REAL USERS. REAL ISSUES.
- A cable TV remote lacks a tactile way to distinguish between different types of buttons (e.g., volume, DVR, channel numbers).
- A game system requires two hands to perform a hard reboot.
- An airline kiosk lacks a port to connect headphones for a traveler who is hard of hearing.
SECTION 508 & YOU
The Law: Section 508 of the Rehabilitation Act
First passed: 1973
Recently refreshed: 2017
Applies to: Hardware manufacturers selling to the federal government
Requires: Information and communications technology (ICT) must be accessible to persons with disabilities.
THE CVAA & YOU
The Law: The 21st Century Communications and Video Accessibility Act (CVAA)
First passed: 2010
Applies to: Hardware manufacturers
Requires: Advanced communications services (ACS) and products should be accessible by people with disabilities.
NOT ACCESSIBLE? THAT'S RISKY BUSINESS.
The #1 reason motivating most of our clients. (It's okay if that's what gets you in the door.) Nobody wants to be on the receiving end of a demand letter or lawsuit.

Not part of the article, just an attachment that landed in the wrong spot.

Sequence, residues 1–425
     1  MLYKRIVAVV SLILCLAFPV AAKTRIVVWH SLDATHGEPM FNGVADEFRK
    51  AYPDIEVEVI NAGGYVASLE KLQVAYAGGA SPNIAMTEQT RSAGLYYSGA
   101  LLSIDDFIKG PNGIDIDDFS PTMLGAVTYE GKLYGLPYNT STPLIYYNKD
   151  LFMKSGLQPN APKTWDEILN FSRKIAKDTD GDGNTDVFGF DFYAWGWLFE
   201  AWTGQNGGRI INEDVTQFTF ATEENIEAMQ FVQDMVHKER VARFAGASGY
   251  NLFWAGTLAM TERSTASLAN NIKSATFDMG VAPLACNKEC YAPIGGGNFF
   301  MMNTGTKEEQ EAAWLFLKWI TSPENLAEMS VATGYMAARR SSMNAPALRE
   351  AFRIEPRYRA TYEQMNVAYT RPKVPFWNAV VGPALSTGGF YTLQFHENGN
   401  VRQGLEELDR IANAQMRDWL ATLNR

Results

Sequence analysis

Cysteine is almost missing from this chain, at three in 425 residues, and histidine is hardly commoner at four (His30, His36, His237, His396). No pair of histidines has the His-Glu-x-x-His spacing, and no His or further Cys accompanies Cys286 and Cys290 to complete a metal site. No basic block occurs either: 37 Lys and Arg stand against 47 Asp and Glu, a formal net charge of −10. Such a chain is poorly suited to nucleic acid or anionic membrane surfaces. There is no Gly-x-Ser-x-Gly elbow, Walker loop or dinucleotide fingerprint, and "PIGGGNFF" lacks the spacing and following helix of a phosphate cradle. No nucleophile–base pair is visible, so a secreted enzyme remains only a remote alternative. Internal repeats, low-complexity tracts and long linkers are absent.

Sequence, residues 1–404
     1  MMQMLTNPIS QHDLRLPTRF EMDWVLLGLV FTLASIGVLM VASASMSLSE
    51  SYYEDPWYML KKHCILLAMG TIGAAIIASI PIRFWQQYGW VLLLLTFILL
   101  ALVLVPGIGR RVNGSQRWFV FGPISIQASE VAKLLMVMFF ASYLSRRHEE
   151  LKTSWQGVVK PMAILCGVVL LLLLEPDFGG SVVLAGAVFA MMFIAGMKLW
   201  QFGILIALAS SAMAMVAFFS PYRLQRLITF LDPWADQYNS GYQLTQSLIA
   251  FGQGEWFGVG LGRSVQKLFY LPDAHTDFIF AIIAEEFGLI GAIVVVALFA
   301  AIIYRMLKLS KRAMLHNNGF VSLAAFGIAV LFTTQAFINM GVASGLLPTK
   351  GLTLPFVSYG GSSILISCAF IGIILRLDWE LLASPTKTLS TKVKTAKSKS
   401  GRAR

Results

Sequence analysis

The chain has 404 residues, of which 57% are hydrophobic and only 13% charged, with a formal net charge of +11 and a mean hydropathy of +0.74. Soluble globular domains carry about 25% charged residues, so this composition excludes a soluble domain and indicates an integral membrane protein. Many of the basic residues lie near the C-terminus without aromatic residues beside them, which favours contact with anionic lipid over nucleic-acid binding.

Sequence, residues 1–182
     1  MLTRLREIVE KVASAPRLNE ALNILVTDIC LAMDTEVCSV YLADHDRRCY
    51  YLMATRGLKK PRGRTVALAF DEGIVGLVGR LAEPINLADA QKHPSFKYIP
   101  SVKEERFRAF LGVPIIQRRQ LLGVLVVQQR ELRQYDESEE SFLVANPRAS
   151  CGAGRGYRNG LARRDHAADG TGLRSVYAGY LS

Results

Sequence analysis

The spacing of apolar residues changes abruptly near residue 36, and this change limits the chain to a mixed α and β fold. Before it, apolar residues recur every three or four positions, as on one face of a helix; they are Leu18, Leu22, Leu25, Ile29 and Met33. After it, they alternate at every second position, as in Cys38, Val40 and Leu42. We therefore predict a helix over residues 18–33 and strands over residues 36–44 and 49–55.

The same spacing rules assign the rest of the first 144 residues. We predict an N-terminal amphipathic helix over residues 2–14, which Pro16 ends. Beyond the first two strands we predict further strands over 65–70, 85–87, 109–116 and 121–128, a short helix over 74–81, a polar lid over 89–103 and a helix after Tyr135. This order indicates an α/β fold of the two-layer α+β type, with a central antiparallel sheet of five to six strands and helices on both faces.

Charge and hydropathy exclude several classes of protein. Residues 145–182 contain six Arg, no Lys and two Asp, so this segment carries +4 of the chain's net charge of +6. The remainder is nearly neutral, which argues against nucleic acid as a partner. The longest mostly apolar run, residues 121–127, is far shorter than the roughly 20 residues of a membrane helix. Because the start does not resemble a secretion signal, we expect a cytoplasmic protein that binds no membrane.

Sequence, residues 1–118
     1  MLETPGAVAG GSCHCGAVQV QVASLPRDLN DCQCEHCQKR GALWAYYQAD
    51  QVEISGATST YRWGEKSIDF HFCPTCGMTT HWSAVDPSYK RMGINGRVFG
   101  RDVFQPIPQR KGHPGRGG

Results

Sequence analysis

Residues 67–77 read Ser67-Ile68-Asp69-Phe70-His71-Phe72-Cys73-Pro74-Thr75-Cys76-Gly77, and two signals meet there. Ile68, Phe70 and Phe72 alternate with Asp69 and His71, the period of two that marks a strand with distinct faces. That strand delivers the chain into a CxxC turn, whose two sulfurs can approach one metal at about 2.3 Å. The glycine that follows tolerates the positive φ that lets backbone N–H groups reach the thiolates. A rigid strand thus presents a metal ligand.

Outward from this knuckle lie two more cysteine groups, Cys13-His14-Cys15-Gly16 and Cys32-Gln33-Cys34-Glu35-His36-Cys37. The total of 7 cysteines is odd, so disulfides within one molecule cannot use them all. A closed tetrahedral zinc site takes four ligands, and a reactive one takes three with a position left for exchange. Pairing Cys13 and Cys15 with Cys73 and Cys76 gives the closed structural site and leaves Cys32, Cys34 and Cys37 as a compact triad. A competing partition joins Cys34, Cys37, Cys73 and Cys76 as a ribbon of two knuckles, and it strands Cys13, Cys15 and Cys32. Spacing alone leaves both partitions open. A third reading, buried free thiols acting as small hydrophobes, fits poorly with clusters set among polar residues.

People with disabilities want to shop, bank, travel, and binge watch TV too! Ignore accessibility and you ignore these customers.
Accessibility cases are also tried in the court of public opinion. Word spreads quickly in the community when an organization values accessibility—or doesn't.
WHAT IS ACCESSIBILITY?
Digital accessibility refers to the ability of users with disabilities to effectively use information technology (IT) systems including websites, mobile or web-based applications, software, and hardware. Digital accessibility is generally concerned with ensuring that IT systems are designed in such a way that they interact appropriately with assistive technologies.
Assistive technologies can include:
- Screen readers, Braille keypads, or screen magnification software so users who are blind or low vision can read your content.
- Voice recognition software that helps those with mobility disabilities (even arthritis) navigate the web and type using only their voice.
- Head pointers and switch devices that allow those with more limited movement navigate without using their hands or a traditional mouse.
Some of our elders remember the days when a computer filled an entire room. Now, we have computers in our pockets. So many aspects of our lives are made easier by technology.
Yet, those with disabilities are often left out when hardware is designed without a thought for their needs.
By some estimates, one in five people has a disability that affects their daily life. Having equal access to technology has a profound, enabling effect for people with disabilities.